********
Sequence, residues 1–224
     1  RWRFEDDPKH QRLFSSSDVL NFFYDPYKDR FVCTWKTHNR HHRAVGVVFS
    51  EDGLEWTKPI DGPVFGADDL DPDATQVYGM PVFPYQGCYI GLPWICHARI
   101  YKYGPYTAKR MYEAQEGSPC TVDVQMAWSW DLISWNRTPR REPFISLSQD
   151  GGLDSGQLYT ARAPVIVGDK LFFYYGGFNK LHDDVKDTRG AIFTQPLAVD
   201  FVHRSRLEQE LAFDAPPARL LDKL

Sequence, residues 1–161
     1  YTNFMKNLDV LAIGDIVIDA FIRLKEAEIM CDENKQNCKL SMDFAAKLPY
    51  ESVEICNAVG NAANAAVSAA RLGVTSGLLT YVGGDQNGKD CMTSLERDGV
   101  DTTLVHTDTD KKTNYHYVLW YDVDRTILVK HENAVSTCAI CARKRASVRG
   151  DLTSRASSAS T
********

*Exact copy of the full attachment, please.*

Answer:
Sequence, residues 1–224
     1  RWRFEDDPKH QRLFSSSDVL NFFYDPYKDR FVCTWKTHNR HHRAVGVVFS
    51  EDGLEWTKPI DGPVFGADDL DPDATQVYGM PVFPYQGCYI GLPWICHARI
   101  YKYGPYTAKR MYEAQEGSPC TVDVQMAWSW DLISWNRTPR REPFISLSQD
   151  GGLDSGQLYT ARAPVIVGDK LFFYYGGFNK LHDDVKDTRG AIFTQPLAVD
   201  FVHRSRLEQE LAFDAPPARL LDKL

Sequence, residues 1–161
     1  YTNFMKNLDV LAIGDIVIDA FIRLKEAEIM CDENKQNCKL SMDFAAKLPY
    51  ESVEICNAVG NAANAAVSAA RLGVTSGLLT YVGGDQNGKD CMTSLERDGV
   101  DTTLVHTDTD KKTNYHYVLW YDVDRTILVK HENAVSTCAI CARKRASVRG
   151  DLTSRASSAS T